Blue mussel

Blue mussel
Image: Derwent Estuary Program
Community type

Intertidal reef organisms

Habitat type

Rocky reefs, kelp beds and inter-tidal zone

Blue mussels are extremely common in the mid and lower Derwent estuary where they live in the intertidal zone. They attach to rocks and other hard substrates such as piers and jetties by strong thread-like structures called byssal threads. These threads are secreted by glands located in the foot of the mussel. Through the port of Hobart and in natural settings they can occur as a dense monoculture, with individuals heaping on top of each other. While mussels and the introduced Pacific oyster are the most visible mollusc, over 250 species were recorded from Taroona Beach in the lower Derwent estuary by the Tasmanian Marine Naturalists Society. Predation of blue mussels is greatest during the three weeks it spends as a planktonic larva. During this stage it is susceptible to predation by jellyfish and many fish species. Despite the hard shells of adults, blue mussels are preyed upon by moderate to large seastars, as well as pied oystercatchers, Pacific gulls, and water rats.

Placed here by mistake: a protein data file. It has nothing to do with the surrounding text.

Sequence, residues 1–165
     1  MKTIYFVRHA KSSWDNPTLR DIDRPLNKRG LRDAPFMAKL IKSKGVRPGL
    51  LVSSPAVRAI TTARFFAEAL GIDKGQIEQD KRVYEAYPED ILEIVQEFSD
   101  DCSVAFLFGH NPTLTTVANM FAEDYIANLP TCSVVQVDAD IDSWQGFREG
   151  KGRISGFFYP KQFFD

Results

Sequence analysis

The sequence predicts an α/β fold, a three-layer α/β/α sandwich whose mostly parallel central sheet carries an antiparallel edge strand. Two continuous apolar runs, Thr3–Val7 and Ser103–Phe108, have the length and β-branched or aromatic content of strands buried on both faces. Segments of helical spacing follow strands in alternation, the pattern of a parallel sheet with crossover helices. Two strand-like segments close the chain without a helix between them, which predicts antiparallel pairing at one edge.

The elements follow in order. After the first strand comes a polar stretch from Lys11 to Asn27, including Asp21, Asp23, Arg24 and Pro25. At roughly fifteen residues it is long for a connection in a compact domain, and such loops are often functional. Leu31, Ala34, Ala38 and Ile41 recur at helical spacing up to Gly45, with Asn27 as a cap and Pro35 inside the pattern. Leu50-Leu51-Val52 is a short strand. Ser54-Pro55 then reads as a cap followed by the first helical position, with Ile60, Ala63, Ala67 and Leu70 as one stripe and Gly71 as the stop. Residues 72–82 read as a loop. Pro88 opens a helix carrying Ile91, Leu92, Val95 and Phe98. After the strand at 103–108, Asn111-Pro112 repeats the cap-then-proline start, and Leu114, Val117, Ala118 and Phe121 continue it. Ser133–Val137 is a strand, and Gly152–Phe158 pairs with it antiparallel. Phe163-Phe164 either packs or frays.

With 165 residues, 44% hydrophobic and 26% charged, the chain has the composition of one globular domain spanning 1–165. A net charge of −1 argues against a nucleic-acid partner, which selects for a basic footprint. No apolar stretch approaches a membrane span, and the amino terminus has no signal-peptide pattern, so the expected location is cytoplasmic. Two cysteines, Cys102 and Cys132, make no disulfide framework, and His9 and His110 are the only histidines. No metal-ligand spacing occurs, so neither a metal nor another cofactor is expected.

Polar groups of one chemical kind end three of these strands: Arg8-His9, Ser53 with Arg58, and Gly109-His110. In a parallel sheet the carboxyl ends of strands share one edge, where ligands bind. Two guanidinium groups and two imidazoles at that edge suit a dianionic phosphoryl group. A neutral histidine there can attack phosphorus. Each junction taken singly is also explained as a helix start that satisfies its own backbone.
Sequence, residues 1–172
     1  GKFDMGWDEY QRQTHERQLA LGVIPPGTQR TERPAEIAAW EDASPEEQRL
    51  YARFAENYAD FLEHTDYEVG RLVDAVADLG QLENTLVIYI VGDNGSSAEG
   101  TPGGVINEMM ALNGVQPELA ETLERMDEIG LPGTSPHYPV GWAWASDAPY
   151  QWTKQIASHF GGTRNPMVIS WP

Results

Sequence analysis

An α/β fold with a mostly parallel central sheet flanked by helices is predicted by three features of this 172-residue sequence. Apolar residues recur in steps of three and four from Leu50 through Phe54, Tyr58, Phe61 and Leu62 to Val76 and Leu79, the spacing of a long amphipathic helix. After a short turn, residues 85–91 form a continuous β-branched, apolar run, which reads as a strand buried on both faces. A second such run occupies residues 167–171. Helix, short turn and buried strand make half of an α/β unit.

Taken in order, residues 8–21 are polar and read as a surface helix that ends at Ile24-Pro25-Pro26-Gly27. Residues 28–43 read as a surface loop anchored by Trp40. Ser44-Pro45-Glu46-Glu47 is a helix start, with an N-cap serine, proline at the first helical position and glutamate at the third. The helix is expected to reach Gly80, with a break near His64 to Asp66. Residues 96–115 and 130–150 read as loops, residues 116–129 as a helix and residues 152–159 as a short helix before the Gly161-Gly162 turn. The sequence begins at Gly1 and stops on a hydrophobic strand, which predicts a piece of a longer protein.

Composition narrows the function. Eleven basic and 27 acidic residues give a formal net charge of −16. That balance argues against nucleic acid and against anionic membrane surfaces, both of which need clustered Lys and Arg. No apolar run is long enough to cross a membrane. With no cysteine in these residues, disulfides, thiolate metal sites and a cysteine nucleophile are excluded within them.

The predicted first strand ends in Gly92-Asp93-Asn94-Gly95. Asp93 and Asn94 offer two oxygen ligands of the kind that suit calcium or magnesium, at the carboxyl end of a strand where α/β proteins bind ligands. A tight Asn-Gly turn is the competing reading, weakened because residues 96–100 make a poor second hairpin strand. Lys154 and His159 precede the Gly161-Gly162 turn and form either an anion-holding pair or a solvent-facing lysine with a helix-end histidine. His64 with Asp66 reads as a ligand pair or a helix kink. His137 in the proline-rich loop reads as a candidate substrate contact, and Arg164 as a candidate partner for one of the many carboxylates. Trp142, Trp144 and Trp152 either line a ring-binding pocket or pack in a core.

Much of the text within the species area of our website was written by Veronica Thorpe, as part of the Derwent River Wildlife Guide (2000).

The DEP has developed a variety of classroom and outdoor activities focused around the key estuary habitats of tidal wetlands, salt marshes and rocky reefs. These include classroom materials, online resources, interpretive walks, games and sensory experiences.